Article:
If there’s one thing we learned from the pandemic, it’s that extra stress can strain a relationship to the breaking point, even when it seemed okay before. Erin knew her relationship with Dave wasn’t perfect, but she didn’t realize how fragile it really was until they lived through a pandemic together. That’s when they were stuck home for much of the time with their two young school-age children.


Dave, who brought in more income than Erin, thought his work took priority and sequestered himself with his computer, leaving Erin to try and work remotely while supervising the kids. As the months passed, this situation became increasingly tense. Erin kept asking for more help from Dave, who would pitch in from time to time, but he felt besieged and nagged. She felt overworked and underappreciated.


Neither was any good at dealing with conflict, so they drifted more and more apart emotionally, although not physically. They became emotionally unavailable to each other just to avoid any unpleasant exchanges. Neither wanted to rock the boat, so they became emotionally distant just to keep from fighting.


Their forced togetherness also seemed to expose fault lines that had always been in their relationship. She continued to leave dirty dishes in the sink. He continued to leave the toilet seat up. Both these annoying habits were easier to overlook before the pandemic. Now, though, with both of them and the kids in the house much more, their bad habits became more intolerable.

Marriage Counseling, Realtionship Therapy, Couples

In the Time B.C. (Before Covid)


Time was that when Dave was stressed at work, Erin could support him better, and vice versa, because usually they weren’t both under extreme stress at the same time. Even when they were both stressed, they knew it was for a finite period, which allowed them to hope for better times ahead. They could show some generosity to each other and cut their partner some slack. Maybe even inject some humor to diffuse the situation.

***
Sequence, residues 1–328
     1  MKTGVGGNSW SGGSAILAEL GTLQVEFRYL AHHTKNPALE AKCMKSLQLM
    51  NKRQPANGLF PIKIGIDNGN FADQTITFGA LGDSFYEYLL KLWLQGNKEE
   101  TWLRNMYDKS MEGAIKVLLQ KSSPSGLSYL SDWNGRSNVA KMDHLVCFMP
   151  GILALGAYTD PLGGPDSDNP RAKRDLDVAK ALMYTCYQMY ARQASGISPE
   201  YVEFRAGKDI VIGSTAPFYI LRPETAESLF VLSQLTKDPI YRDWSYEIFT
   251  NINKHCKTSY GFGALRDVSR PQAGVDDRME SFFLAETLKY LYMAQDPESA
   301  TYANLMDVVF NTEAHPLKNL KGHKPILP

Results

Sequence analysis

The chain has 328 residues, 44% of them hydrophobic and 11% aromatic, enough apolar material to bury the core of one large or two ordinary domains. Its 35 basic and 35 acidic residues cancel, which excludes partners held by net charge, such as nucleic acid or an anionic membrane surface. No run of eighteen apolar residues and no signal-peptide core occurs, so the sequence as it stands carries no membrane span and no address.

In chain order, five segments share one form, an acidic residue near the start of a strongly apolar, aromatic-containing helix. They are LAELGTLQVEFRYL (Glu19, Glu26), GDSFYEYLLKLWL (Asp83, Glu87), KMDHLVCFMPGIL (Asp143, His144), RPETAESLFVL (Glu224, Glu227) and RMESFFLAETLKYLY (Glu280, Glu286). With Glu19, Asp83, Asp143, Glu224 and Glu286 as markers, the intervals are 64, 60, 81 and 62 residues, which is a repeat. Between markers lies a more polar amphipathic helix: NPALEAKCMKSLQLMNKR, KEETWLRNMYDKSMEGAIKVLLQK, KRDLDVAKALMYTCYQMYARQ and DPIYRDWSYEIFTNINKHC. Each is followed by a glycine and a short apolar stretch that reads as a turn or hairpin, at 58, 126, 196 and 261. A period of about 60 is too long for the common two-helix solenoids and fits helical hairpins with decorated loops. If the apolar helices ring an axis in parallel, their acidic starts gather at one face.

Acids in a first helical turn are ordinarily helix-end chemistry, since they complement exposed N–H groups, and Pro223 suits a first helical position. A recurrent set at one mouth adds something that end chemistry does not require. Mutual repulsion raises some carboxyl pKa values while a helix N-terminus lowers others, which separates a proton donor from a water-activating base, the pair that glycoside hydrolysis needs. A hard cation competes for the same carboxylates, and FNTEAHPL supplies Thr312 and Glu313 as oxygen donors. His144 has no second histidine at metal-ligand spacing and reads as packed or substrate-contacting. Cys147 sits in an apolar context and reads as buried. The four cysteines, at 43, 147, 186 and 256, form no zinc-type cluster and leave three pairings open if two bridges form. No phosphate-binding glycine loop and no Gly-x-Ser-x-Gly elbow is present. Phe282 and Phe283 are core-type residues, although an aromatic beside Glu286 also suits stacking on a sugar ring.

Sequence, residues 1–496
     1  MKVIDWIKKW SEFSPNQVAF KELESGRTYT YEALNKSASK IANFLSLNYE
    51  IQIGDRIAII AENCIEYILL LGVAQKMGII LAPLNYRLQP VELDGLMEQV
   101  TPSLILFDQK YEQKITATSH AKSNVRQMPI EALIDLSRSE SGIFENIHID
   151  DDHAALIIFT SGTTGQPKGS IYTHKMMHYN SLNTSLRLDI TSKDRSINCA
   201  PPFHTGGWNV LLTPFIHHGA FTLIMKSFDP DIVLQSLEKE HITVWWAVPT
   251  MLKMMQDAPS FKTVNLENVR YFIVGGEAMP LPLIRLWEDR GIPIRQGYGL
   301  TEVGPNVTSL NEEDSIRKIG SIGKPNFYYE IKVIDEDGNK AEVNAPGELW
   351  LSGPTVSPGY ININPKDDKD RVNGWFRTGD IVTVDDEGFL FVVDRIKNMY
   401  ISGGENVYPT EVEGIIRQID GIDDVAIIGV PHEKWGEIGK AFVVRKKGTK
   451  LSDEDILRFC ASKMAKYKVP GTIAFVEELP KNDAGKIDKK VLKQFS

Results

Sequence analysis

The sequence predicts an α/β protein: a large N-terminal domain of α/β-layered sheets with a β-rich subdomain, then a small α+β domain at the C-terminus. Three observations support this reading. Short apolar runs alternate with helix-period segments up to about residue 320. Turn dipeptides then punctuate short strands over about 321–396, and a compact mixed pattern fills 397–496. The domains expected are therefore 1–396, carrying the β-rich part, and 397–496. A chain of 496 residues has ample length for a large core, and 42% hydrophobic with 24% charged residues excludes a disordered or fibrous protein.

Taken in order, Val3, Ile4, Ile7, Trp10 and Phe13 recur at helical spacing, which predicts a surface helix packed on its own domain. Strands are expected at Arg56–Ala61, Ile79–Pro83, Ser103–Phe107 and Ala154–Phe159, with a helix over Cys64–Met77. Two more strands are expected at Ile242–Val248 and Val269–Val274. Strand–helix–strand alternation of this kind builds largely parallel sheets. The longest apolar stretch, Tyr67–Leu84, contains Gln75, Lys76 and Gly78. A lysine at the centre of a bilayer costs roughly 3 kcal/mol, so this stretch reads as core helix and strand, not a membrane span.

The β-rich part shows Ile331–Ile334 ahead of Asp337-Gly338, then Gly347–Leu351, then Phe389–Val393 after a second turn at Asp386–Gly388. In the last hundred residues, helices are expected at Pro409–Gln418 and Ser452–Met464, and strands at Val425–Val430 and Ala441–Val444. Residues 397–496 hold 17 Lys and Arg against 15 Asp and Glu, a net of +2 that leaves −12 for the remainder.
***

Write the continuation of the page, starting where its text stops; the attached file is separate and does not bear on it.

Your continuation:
But the pandemic was seemingly endless. Even after it was virtually over, it left Erin, Dave, and their kids emotionally exhausted and struggling to reach an equilibrium they enjoyed before the pandemic. On top of this, Dave had to cope with the loss of taste for a while, an aftereffect of Covid. It seemed impossible to gain enough traction to get their relationship back on an even keel. They made a half-hearted attempt to communicate better, but they just couldn’t seem to connect. They continued to drift apart.


Grieving Their Old Life


The fact is, in the aftermath of the pandemic, Erin and Dave suffered another loss—their relationship. Even though they hadn’t been close in years, the idea that the life they had imagined was coming to a close was devastating to both of them. On top of the difficult years they spent being ill and trying to avoid being ill, and the stress they endured constantly parenting and helping their kids cope with remote schooling, now they were faced with another grief: The loss of their marriage.


The thought of separation and divorce—huge stressors once again—was coupled with the prospect of starting over and reentry into a new, post-covid world. Both Erin and Dave needed to grieve the loss of their old life and let go of any anger or resentment. It’s important to do this in a healthy way so they can support their kids, also grieving, and eventually move on to a new life.



Nancy Travers is an Orange County Counseling professional. If you need safe, effective counseling services, please get in touch. You can reach her here: https://www.nancyscounselingcorner.com/contact